Why veganism isn’t that simple

Trigger warning: eating disorders, eating habits, anorexia, bulimia, EDNOS

I saw this tweet this morning (yes I have a secret twitter I use occasionally) – but it touched on a point that I’ve been meaning to write about for months:

The tweet came from Lucy Watson- a “made in Chelsea” reality TV star and passionate vegan. She wrote, “if you’re against animal cruelty, like most people, then you should be vegan.” – the reply to this which followed is from former GBBO contestant Ruby Tandoh, who highlighted how “unhelpful” the statement that Lucy had just made was to people who might have their own personal reasons why they don’t partake in vegan or plant based eating.

If it wasn’t obvious- I’m completely and utterly on Ruby Tandoh’s side in this argument- because for me personally, being vegan is a privilege that I cannot partake in- and it’s something that I think a lot of the time people don’t take into account when they’re talking about diet choices and guilt about what you choose to put in your mouth.

I’ve written about being vegetarian- the convenience factor of meat and the fact that actually I do like it- but I’m not deaf to the fundamental truths behind the industry.

I agree wholeheartedly that being vegan is better for the planet, a more sustainable way of eating, lowers carbon emissions and yes- it isn’t cruel. I would love to be able to sustain that way of eating as I think it would make me a healthier person and I’m not a denier of the facts.

I also have never been preached at by the vegans I know- so I’m not wholly opposed to the idea. In fact, at one point during my recovery I did try it for a few days to see how I managed.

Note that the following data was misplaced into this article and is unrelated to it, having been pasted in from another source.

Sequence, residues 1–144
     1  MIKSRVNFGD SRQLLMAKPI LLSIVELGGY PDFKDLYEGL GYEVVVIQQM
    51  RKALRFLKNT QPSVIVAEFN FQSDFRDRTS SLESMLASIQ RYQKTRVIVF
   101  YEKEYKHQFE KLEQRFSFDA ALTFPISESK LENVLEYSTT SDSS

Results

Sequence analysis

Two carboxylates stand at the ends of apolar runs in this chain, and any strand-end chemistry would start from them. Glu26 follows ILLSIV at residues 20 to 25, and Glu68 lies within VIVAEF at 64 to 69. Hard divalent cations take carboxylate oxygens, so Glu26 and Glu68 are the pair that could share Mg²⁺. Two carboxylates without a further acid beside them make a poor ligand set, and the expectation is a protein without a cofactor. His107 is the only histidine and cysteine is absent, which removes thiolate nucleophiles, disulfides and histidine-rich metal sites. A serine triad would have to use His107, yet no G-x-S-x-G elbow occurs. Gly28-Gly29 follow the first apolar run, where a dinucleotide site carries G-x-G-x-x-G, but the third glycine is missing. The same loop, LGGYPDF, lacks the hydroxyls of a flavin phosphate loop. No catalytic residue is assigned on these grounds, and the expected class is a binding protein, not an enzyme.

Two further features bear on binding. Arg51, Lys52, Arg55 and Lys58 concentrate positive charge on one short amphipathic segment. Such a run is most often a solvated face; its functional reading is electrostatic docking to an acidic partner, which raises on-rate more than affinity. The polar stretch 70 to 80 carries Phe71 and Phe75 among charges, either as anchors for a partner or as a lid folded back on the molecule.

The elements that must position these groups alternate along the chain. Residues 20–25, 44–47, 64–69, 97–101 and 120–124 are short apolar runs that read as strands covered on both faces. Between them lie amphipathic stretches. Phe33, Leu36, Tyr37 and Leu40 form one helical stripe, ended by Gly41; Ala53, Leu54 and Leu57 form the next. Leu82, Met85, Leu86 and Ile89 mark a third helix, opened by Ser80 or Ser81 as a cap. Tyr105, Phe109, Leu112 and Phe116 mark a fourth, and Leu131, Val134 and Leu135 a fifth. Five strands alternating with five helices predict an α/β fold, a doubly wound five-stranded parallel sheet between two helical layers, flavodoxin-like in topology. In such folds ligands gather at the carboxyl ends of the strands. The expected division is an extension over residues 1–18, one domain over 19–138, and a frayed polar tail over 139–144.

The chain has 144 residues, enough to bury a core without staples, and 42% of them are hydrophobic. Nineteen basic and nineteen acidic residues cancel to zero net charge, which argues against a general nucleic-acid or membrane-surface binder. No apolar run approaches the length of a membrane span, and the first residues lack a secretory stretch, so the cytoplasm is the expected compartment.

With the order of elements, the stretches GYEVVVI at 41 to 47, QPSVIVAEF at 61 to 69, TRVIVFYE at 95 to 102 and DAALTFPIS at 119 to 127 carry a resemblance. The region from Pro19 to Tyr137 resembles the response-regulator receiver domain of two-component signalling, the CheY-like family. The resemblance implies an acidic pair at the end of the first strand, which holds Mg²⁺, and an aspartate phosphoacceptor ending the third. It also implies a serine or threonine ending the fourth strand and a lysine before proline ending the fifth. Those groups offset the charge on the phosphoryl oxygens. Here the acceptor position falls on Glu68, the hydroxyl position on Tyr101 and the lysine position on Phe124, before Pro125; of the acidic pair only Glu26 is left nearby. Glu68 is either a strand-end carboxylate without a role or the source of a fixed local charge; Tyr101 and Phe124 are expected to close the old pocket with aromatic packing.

However, I think it’s ridiculously unfair of a vegan to make a claim that “if you’re against animal cruelty then you should be vegan.”

I know that everyone I know personally and probably 99.5% of people are against being cruel to animals- but that doesn’t make us bad people if we don’t want to make the decision to be vegan or change our entire lifestyle. (I know that most vegans don’t share this view but for the sake of this blogpost I’m talking in reference to Lucy Watson)

For me personally- I cannot sustain a vegan lifestyle because I am a recovered bulimic. If I get obsessed or fixated on food then I feed an unhealthy pattern of behaviour that I have. (I tried it in my recovery as I knew that it had worked for others.)

This is not true for everyone. One my friends I met through recovery went from anorexia to veganism.

Veganism gave her the safety and security with food to nourish her body and give it what it needed, and that is fine. What you choose to do with your diet and eating habits is really no concern to anyone else.

Sure- educate people if they want to be educated. Sure- have an option, but don’t be so decisive about a huge decision that people have to make.

The other factors that Ruby pointed out are just as important. I don’t have enough knowledge myself regarding access or disability’s- but I think it’s a completely fair point to make that often vegan food is for a wealthier category of people, who have access and the privilege to be able to make that choice.

In my opinion it’s just that- you can’t blanket statements about food choices and lifestyle for a whole population of people.

As Ruby pointed out- the same goes for many others- who have their own reasons. Veganism is a life choice that I admire, but it’s something that for me and many others, is not a decision that we can take lightly.

What do you think?

Rach

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